FIGURE 4 offers a more expanded example of this concept. I’ll often use this approach to create chordmelody-type ideas, such as that shown in FIGURE 5. Here, I’m using the open low E note as a pedal tone played against various two-note chords. I also like incorporating the ninth, F#, into Em voicings, resulting in the wide-stretch Em(add9) shapes shown in FIGURE 6.

    FIGURE 7 puts a twist on this idea by adding the second, also F#, to an E minor triad, E G B. Lastly, I use note combinations from the pattern to create a series of two-note chords that live in E Aeolian, as demonstrated in FIGURE 8.

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    Screen Shot 2014-04-10 at 2.10.09 PM.png

    Additional Content

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    Today, presents an exclusive playthrough video of "The Absence of Purity" by Abiotic's John Matos and Matt Mendez.

    The song is from the band's latest album, Casuistry, which will be released April 21 via Metal Blade. The album is already available for pre-order here.

    South Florida's Abiotic—Travis Bartosek (vocals), Johnathan Matos (guitar), Matt Mendez (guitar), Alex Vazquez (bass) and Brent Phillips (drums)—emerged in 2010 with a flourish of riffs, solos and technical breakdowns that culminated in their 2011 debut EP, A Universal Plague.

    The intent on Casuistry was to top anything the band had done previously. This isn't to say they wanted to play faster or write more challenging music. The focus was on composition, delivery and crafting songs that would translate in a live environment.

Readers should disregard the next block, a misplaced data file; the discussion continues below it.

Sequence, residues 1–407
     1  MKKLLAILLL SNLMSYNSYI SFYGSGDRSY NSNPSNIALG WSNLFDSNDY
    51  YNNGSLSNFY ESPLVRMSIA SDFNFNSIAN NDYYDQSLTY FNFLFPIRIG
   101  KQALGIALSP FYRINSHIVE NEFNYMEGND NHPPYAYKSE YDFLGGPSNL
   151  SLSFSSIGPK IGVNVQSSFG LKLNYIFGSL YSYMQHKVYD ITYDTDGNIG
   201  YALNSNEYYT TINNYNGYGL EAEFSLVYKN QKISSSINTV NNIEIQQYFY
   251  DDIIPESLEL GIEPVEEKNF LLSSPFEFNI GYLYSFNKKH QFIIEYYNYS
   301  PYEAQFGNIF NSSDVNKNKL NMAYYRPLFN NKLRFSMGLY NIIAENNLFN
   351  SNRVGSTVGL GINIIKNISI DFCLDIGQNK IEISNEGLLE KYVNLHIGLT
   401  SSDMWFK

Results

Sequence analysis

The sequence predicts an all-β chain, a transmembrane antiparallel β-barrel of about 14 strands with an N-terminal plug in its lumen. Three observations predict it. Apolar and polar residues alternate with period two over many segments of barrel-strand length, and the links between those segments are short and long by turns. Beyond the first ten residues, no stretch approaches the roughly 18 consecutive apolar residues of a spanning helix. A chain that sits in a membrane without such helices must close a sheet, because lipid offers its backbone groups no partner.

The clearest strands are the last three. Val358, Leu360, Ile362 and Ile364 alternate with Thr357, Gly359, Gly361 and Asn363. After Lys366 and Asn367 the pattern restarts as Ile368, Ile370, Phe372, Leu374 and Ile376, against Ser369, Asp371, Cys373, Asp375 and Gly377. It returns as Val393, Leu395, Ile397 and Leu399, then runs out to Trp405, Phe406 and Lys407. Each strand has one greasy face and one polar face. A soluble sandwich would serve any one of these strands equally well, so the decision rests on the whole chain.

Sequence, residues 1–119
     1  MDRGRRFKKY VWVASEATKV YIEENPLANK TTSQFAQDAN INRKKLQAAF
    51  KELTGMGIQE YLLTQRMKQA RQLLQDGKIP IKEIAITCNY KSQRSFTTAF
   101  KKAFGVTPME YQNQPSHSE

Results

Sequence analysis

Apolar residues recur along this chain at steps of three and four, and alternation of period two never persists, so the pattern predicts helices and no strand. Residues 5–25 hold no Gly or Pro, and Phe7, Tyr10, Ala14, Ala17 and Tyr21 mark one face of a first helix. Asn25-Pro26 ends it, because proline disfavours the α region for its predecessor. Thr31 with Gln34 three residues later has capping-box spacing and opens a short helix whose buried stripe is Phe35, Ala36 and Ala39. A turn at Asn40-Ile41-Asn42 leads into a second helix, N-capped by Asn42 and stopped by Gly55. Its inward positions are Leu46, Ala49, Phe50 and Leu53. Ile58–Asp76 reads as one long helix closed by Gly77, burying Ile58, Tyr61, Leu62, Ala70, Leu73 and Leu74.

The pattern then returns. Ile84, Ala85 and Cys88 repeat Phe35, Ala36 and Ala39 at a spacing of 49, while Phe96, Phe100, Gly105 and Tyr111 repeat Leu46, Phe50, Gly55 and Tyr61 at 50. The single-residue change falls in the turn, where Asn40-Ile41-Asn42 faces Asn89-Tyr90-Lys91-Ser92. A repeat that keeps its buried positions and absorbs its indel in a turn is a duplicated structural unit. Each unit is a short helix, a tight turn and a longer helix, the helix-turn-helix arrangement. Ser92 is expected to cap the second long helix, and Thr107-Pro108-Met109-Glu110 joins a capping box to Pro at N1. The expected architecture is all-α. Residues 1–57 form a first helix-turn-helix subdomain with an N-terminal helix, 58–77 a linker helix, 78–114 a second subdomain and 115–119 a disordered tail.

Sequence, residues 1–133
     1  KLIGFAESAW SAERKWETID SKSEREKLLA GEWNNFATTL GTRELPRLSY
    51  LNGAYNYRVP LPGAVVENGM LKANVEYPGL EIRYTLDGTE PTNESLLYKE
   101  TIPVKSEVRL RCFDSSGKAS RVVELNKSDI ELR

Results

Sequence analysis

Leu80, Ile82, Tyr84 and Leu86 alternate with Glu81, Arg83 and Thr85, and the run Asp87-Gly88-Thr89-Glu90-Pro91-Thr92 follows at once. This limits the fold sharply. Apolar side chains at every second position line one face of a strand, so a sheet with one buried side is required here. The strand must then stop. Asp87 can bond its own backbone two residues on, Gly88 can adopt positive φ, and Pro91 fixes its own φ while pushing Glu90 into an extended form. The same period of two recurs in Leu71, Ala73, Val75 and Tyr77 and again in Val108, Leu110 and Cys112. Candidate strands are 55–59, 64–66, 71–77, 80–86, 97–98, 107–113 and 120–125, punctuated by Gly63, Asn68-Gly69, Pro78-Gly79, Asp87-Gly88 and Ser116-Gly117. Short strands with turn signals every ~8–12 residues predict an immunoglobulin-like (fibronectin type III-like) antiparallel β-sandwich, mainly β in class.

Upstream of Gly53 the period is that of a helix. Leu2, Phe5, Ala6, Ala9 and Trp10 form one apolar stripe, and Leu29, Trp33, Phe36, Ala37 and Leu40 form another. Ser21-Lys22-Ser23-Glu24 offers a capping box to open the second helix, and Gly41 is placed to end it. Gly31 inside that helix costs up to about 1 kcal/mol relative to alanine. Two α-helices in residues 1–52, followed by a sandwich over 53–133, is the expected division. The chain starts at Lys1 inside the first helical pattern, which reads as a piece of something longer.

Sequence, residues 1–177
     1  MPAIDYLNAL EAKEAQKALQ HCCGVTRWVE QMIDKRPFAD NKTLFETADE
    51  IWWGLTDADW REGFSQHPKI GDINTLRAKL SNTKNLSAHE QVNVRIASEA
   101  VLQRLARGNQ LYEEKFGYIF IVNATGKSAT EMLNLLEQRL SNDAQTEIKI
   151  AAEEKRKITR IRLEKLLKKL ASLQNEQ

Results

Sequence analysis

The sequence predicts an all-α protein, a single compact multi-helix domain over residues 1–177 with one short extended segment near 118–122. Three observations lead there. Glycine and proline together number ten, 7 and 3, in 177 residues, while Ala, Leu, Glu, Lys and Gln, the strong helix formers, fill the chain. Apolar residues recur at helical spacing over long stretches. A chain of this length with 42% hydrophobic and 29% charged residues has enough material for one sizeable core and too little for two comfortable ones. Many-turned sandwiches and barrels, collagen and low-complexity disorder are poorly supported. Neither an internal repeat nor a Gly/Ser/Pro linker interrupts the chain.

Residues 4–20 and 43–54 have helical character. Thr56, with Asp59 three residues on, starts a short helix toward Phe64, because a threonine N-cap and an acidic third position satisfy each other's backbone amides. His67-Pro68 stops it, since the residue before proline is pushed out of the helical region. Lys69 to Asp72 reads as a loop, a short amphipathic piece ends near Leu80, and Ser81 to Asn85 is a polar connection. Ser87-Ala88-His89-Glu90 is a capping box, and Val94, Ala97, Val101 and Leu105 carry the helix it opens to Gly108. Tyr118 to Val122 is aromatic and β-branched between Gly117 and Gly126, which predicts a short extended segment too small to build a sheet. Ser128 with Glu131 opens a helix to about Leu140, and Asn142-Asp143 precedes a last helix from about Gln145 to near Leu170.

"We wanted to put something together that was more focused and more about composition, create something where every track would captivate listeners in a different way, and make it as dark, melodic and punishing as possible," Matos says.

    For more about Abiotic, follow them on Facebook. Be sure to catch them on the road this spring. All their current dates can be found below the video.

    ABIOTIC Headline Dates:

    4/9: Houston, TX @ Walters
    4/10: Austin, TX @ Empire Control Room - Texas Independent Fest*
    4/11: San Angelo, TX @ Yays
    *Denotes Festival Appearance

    ABIOTIC w/ Boris the Blade, Abiotic, Alterbeast, Reaping, Asmodeia

    4/12: Shreveport, LA @ Hotshots
    4/13: Kansas City, MO @ Riot Room w/Vital Remains & Vale of Pnath
    4/15: Memphis, TN @ High Tone Records
    4/16: Charlotte, NC @ Tremont Music Hall
    4/17: Kenilworth, NJ @ 10th Street Live
    4/18: Brooklyn, NY @ Coco 66
    4/20: Rochester, NY @ Montage Music Hall
    4/21: Ottawa, ON @ Mavericks
    4/22: Detroit, MI @ The Ritz
    4/23: Danville, IL @ Vintage Villains
    4/24: Crest Hill, IL @ Bada Brew
    4/25: Lacrosse, WI @ Warehouse
    4/26: Milwaukee, WI @ Metal Grill
    4/27: Des Moines, IA @ Vaudeville Mews

    ABIOTIC w/Boris the Blade, Alterbeast

    4/28: Denver, CO @ The Skatuary
    4/29: Salt Lake City, UT @ Metro Bar
    4/30: Pocatello, ID @ Green T

    ABIOTIC w/Boris the Blade, Alterbeast, Lord of War

    5/2: Spokane, WA @ The Pin
    5/3: Salem, OR @ Duffy’s Hangar
    5/5: San Jose, CA @ The Rockbar
    5/6: Upland, CA @ The Grizzly Den
    5/7: Camarillo, CA @ Rock City Studios
    5/8: San Diego, CA @ Soma

    ABIOTIC Headline Date:

    5/9: Mesa, AZ @ The Underground

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    Today, presents the exclusive premiere of "Filthy F$cking Rich," a new song by New York City-based alt/soul rockers the Benjees.

    The track is from their forthcoming album, Alright Alright Alright.

    With influences ranging from Jack White to the Beastie Boys to James Brown and beyond, the Benjees—bassist/singer Joe Visconti, guitarist/lead singer Ben Roberts, drummer Justin Fees, keyboardist Martin McDonald and drummer Graham Doby—create rock with elements of punk and pop mixed in.